For Immediate Release
WASHINGTON, D.C. - Today, the United States Agency for International Development (USAID) signed a memorandum of understanding (MoU) with Janssen Therapeutics, Division of Janssen Products, LP (Janssen), one of the Janssen Pharmaceutical Companies of Johnson & Johnson that will accelerate progress in the fight against antibiotic-resistant bacteria, specifically multi drug-resistant tuberculosis (MDR-TB).
The intent of the MOU is for Janssen to donate $30 million worth of the drug SIRTURO® (bedaquiline) over a 4 year period through USAID's programs for the treatment of MDR-TB. The drug donation will enable nearly 100 low- and middle-income eligible countries to access the life-saving drug for free under certain conditions.
The MoU for this collaboration was signed during a signing ceremony by Dr. Rajiv Shah, USAID administrator, and Dr. Paul Stoffels, Chief Scientific Officer and Worldwide Chairman, Pharmaceuticals, Johnson & Johnson, on behalf of Janssen.
"USAID remains committed to addressing the growing concern around antibiotic resistant bacteria as outlined in President Obama's Executive Order and supporting introduction and appropriate use of new drugs to fight MDR-TB," said Administrator Shah. "This partnership leverages the expertise of both USAID and Johnson & Johnson in the global TB effort and we hope will serve as a catalyst to spur further innovations in addressing global public health emergencies that demand different solutions. More importantly, this collaboration will bring new hope to MDR-TB patients in need of better treatment options."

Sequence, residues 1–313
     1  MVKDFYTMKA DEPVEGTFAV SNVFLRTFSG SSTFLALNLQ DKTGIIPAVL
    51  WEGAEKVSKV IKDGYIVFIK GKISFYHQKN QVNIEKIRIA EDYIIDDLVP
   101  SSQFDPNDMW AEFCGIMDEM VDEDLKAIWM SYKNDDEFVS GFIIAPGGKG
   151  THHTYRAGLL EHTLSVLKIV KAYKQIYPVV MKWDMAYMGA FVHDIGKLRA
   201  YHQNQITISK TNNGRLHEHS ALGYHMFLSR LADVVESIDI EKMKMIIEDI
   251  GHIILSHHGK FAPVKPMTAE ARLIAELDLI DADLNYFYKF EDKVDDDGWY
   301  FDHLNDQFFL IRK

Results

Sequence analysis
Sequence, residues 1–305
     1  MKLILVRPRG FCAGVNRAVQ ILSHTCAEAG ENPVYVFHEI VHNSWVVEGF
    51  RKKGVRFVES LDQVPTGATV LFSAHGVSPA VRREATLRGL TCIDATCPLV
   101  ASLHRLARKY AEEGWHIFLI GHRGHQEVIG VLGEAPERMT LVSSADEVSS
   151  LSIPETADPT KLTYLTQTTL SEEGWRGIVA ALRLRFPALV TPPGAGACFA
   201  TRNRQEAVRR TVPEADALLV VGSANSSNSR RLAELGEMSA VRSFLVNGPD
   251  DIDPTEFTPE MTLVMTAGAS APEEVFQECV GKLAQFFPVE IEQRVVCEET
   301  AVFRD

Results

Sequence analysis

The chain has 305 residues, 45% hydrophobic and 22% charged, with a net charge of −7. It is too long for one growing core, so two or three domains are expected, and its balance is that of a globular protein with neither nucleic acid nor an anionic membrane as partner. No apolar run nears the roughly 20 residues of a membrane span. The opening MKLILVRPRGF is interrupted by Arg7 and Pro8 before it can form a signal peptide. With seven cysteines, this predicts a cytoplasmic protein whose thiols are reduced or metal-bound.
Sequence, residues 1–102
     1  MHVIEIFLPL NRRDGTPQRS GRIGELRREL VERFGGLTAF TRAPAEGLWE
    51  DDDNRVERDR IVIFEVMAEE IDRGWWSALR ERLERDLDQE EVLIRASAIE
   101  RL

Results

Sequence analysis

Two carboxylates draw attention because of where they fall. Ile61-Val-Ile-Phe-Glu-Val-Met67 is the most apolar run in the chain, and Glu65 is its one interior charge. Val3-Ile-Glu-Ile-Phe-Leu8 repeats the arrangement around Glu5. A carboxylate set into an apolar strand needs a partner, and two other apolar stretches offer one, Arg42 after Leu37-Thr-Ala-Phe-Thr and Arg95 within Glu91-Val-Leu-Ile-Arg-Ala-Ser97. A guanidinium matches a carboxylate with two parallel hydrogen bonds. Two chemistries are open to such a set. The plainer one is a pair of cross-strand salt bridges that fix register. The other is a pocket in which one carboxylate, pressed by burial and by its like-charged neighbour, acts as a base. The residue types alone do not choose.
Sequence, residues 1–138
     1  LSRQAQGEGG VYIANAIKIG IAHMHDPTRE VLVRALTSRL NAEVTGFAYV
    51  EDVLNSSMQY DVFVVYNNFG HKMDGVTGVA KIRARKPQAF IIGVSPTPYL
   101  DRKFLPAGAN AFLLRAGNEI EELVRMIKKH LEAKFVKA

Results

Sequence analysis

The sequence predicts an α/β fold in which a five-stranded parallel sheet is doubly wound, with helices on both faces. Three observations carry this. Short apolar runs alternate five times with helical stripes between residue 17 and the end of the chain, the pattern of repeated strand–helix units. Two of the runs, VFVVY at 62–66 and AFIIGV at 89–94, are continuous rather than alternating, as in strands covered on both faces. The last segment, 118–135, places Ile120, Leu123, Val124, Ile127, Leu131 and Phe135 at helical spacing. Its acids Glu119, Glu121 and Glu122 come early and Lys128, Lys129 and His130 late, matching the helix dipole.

Antibiotic resistant bacteria are a major threat to progress made in medicine over the last 100 years. The tuberculosis mycobacterium is estimated to kill more than 1.3 million people each year and is spread from person to person through the air. MDR-TB is a dangerous form of tuberculosis that is resistant to two or more of the primary antibiotics (isoniazid and rifampicin) typically used for treatment. MDR-TB is highly contagious, often times fatal, and is difficult as well as costly to treat. The World Health Organization estimates that up to half a million new cases of MDR-TB occur worldwide, with hundreds of thousands of people dying from the disease in 2013.
Bedaquiline, the first new class of antibiotics approved by the Food and Drug Administration (FDA) in nearly 50 years, is a powerful new drug in the arsenal to fight drug-resistant TB and can be used in combination with other drugs when existing treatment regimens to treat MDR-TB are not effective. Access to bedaquiline, however, is challenging in many countries due to the costs of the treatment regimen and lack of suitable in-country systems to ensure appropriate use and monitoring.
This partnership will address these issues. USAID will leverage its in-country presence and technical assistance expertise to introduce bedaquiline in many high-burden countries and support country-based MDR-TB treatment programs.
Last updated: October 19, 2016